Extract from
Lifeguard (a novella)

An excerpt from this novella was published by Glasgow West End in 2013.

It was a while since Raeburn had been in the town centre at night. He walked quickly. The buildings that had stood since he was a boy were now flattened and bulldozed into rubble. The town was being re-built. He passed under a streetlamp, not able to tell if it was flickering or whether the rain was coming so thick and fast it was obscuring the light. The main street was in darkness, all the pubs closed already, no taxis waiting at the rank. In his hurry he nearly walked into an object sitting in the middle of the pavement. As he shielded his eyes and looked, he saw it was a man in a wheelchair.

The guy’s head was thrown back, rain splashing right into his mouth. His clothes soaked through to the skin. If it wasn’t for the gurgling sound it would have been easy to think it was a dead body.

Here fella, here, Raeburn said, giving his arm a shake, Ye have to get up, ye can’t stay out here.

He tried to shrug off Raeburn's hand.

C’mon now mate, ye’ll catch yer death in this.

The water started to get down the back of Raeburn's jacket, he could feel the bones of his spine wet against the material.

Come on tae fuck! Raeburn said, and with another hard shove on his shoulder the guy came to life, lurching upright in the seat. His eyes rolled in his head as he tried to focus. He coughed, sending rainwater dribbling out his mouth and down his chin.

Fuck… the man said and stuck one arm up, as if to stave off the drops that were cracking down on his bald head.

Where d’ye live?

The old boy kept waving one arm in the air. His eyes started to close.

I can take ye wherever ye need to go, just tell me where you live, what area?

Fuckin… ah, fuck it, fuck…

It’s alright, Raeburn shouted at him, I’ll get ye indoors.

The man mumbled and waved his hand. Raeburn got behind him and heaved at the chair till it moved. It was a tough job, keeping a straight path. He was heavier than he looked. Raeburn had to keep forcing the thing up the slope of the pavement as well as forward to avoid crashing into the shop windows.

The guy in the chair could’ve been shouting, his head was jerking around but the noise of the storm was everywhere. Raeburn guided them round, nearing the polis office. It was the only lit building in the street. He almost lost his grip on the handles trying to get it started up the ramp. He kicked the door open and pushed the old boy into the lobby. The door swung back and banged the man's knee before he could stop it. Raeburn shook his hands, spraying wee droplets all around, before pushing the thing through the glass door and into the reception.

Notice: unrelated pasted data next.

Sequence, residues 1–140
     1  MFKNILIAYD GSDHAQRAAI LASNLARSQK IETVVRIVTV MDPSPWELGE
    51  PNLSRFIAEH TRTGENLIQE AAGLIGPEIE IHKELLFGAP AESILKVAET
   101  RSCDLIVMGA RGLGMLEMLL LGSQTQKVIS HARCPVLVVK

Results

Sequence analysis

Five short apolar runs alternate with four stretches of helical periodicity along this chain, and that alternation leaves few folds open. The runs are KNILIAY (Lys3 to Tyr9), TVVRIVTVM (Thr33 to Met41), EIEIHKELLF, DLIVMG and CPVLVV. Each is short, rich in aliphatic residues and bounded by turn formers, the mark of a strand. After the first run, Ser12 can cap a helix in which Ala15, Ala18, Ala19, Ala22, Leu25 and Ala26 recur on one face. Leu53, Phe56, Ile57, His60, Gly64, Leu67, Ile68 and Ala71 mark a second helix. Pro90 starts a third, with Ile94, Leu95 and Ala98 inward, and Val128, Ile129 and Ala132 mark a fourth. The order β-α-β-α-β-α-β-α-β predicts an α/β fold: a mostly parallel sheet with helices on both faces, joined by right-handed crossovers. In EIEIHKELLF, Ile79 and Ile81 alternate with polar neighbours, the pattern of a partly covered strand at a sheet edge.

No no no! said the policewoman behind the desk. Just turn yourself and take him right back out.

Naw, I found this guy in the street there..

I know, she said in a raised voice, I know who he is and I know his game. Get him out of here, leave him where you found him.

Look he was round there unconscious, he was swallowing the bloody rainwater.

She came out from the desk and walked over to him, lowering her face closer to the chair.

He’s been told before, she said, pointing at him with one finger. You can’t just get too bloody drunk to push yourself, and get brought in here. This isn’t a doss house.

She turned back to Raeburn.

You will need to take him out.

But he could get fucking pneumonia and die. It’s pishing it down.

This is a police station. You’re not dumping a soaking-wet wheelchair in here. Remove it or it’ll be yourself spending the night, not yer pal.

Raeburn wanted to say something. He grabbed the chair roughly and forced the old man back outside, shooting her a look as the door closed. The rain was still battering off the tops of the cars.

Raeburn walked round in front of him.

WHERE DO YE LIVE? he shouted, shuddering as the water slid down into his trousers. The tongue lolled out.


You, the old man said, his eyes opening wide, You, yer a fuckin bastard!

Raeburn wiped the rain off his face using his sleeve.

Am I?

Aye, yer a fuckin bastard! You!

Alright, Raeburn said. He shoved the chair off the pavement, it clattered and nearly fell. They started moving slowly up the middle of the road, Raeburn’s clothes now sticking to his skin and the low sound of the man’s swearing and muttering as he kept facing forwards. ●

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